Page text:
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Escape Velocity

Lioness Sound: MC Yallah Interviewed
Alex Rigotti , March 14th, 2022 07:44

Ahead of her appearance at this year's Counterflows festival with Debmaster, MC Yallah of Nyege Nyege speaks to Alex Rigotti

Listening to MC Yallah speak over the phone is sufficient evidence that she was born to rap. Every word is underpinned by a steady rhythm that transforms the simplest of sentences into a grand statement, or an anecdote into a ready-made story. Don’t let that measured spoken pace fool you, though: her music marries dark, eccentric, electronic beats with a smooth, break-neck flow. If you’ve seen her live, you’ll know Yallah can even rap effortlessly over singeli beats, that can reach anywhere up to 300bpm.

To her family and friends, she’s Yallah Gaudencia Mbidde. But to the underground Ugandan hip hop scene, she’s MC Yallah, a musician who has developed her reputation as a formidable rapper since the nineties. Some may know her from her old stint as a NewzBeat presenter, a television programme that skirted censorship laws by rapping about current affairs and controversial topics. Now, she’s known as part of the prestigious collective Nyege Nyege, where she met label founders Derek Debru and Arlen Dilsizian whilst working at NewzBeat.

Founded in 2013 and based in Kampala, Nyege Nyege has spawned a universe that comprises of music as transgressive as its festival, which Uganda’s minister of ethics attempted to cancel in 2018. Part of its creative ethos are the residencies held by outsider producers, who stay at Nyege Nyege’s studio dubbed ‘The Villa’, where local artists collaborate to create futuristic interpretations of African music.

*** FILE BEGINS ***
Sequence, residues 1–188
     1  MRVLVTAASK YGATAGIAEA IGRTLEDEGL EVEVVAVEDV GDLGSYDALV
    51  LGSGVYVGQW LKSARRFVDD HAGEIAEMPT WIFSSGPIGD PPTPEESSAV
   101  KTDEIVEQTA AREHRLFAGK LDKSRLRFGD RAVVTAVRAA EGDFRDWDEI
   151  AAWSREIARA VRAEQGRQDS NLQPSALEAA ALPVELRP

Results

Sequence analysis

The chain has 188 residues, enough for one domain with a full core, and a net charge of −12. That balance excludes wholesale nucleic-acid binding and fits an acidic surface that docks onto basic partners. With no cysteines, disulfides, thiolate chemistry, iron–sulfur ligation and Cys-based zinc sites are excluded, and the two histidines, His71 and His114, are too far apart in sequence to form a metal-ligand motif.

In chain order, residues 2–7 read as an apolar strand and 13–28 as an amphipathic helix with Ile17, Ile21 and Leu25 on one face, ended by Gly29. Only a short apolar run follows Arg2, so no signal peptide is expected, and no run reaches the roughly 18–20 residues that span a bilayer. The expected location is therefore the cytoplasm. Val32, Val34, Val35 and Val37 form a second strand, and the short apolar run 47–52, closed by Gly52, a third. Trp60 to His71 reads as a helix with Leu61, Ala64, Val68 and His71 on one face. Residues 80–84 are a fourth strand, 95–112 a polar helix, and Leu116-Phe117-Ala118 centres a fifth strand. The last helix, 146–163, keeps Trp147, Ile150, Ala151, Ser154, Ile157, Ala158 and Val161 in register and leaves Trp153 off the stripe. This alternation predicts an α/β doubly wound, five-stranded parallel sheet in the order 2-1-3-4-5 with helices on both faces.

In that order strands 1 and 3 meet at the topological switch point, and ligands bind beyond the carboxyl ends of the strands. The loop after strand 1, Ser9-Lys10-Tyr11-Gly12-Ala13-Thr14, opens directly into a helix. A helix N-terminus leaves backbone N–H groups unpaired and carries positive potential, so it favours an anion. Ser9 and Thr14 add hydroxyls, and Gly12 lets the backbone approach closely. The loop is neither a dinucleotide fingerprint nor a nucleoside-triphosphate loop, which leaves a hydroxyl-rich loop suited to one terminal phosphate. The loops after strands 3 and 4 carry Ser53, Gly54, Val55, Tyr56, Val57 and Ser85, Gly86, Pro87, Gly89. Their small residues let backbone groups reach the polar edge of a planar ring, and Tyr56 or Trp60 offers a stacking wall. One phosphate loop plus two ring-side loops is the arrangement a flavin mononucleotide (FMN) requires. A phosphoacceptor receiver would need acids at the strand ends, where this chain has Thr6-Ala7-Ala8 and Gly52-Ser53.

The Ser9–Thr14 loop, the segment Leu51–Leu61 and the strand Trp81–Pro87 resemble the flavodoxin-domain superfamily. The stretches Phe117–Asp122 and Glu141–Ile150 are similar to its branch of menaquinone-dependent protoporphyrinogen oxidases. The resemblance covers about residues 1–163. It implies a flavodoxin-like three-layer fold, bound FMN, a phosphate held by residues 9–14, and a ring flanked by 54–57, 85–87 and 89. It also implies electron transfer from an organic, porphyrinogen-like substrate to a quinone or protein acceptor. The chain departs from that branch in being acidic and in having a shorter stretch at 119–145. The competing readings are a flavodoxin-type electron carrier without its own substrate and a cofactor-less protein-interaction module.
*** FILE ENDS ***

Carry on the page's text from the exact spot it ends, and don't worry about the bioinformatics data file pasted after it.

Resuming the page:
Although MC Yallah had found sporadic success with singles, it was with Nyege Nyege where she began to flourish creatively. With French producer, Debmaster, she forged a new path with her sound to create her debut Kubali (2019), whilst also featuring on Japanese producer DJ Scotch Rolex’s mixtape, Tewari (2021). Whilst she stays with Debmaster and Scotch Rolex in Berlin, MC Yallah talks to tQ about her upcoming projects.

You’re able to rap in four different languages: Luganda, Kiswahili, English, and Luo. How do you decide which language to rap in?

MC Yallah: When Debmaster sends me a beat – or [Scotch Rolex] Shige sends me a beat and I first listen to it, and I start flowing on it on all the languages. Yes. Then, after trying to flow with all the languages, I go back and I see. I look into all the languages and see which one was I flowing in easily. There are some times I can get a beat, and maybe I say I'm going to rap in Luganda on this beat. I try so much to do it the Luganda way, but I feel the Luganda way is not coming out properly. Then I try Luo, and I see Luo is coming out properly, so I say I'm gonna use Luo for this beat.